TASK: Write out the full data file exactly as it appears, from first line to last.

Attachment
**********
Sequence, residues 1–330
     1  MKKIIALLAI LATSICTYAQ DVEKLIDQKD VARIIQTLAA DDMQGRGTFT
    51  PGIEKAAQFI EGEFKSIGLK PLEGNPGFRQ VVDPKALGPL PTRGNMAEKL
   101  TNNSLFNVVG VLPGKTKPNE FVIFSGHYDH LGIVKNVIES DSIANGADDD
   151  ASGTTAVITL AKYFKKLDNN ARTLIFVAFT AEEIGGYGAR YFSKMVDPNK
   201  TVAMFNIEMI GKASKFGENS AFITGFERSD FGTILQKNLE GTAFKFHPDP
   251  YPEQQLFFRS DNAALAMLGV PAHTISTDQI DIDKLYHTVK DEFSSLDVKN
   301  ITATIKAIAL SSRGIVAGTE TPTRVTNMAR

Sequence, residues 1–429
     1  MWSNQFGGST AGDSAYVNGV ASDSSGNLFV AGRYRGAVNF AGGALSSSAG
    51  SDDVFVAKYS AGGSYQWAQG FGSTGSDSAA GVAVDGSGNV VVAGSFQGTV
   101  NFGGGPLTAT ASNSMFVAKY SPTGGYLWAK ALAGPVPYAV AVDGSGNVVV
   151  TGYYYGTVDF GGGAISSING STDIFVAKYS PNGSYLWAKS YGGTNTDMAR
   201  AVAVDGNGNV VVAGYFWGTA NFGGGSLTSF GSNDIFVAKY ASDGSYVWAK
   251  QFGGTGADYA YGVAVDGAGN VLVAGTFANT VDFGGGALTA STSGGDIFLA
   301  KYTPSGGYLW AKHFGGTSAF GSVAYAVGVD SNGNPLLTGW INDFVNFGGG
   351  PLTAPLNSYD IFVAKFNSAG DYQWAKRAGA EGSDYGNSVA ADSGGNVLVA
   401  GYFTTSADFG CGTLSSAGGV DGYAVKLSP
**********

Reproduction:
Sequence, residues 1–330
     1  MKKIIALLAI LATSICTYAQ DVEKLIDQKD VARIIQTLAA DDMQGRGTFT
    51  PGIEKAAQFI EGEFKSIGLK PLEGNPGFRQ VVDPKALGPL PTRGNMAEKL
   101  TNNSLFNVVG VLPGKTKPNE FVIFSGHYDH LGIVKNVIES DSIANGADDD
   151  ASGTTAVITL AKYFKKLDNN ARTLIFVAFT AEEIGGYGAR YFSKMVDPNK
   201  TVAMFNIEMI GKASKFGENS AFITGFERSD FGTILQKNLE GTAFKFHPDP
   251  YPEQQLFFRS DNAALAMLGV PAHTISTDQI DIDKLYHTVK DEFSSLDVKN
   301  ITATIKAIAL SSRGIVAGTE TPTRVTNMAR

Sequence, residues 1–429
     1  MWSNQFGGST AGDSAYVNGV ASDSSGNLFV AGRYRGAVNF AGGALSSSAG
    51  SDDVFVAKYS AGGSYQWAQG FGSTGSDSAA GVAVDGSGNV VVAGSFQGTV
   101  NFGGGPLTAT ASNSMFVAKY SPTGGYLWAK ALAGPVPYAV AVDGSGNVVV
   151  TGYYYGTVDF GGGAISSING STDIFVAKYS PNGSYLWAKS YGGTNTDMAR
   201  AVAVDGNGNV VVAGYFWGTA NFGGGSLTSF GSNDIFVAKY ASDGSYVWAK
   251  QFGGTGADYA YGVAVDGAGN VLVAGTFANT VDFGGGALTA STSGGDIFLA
   301  KYTPSGGYLW AKHFGGTSAF GSVAYAVGVD SNGNPLLTGW INDFVNFGGG
   351  PLTAPLNSYD IFVAKFNSAG DYQWAKRAGA EGSDYGNSVA ADSGGNVLVA
   401  GYFTTSADFG CGTLSSAGGV DGYAVKLSP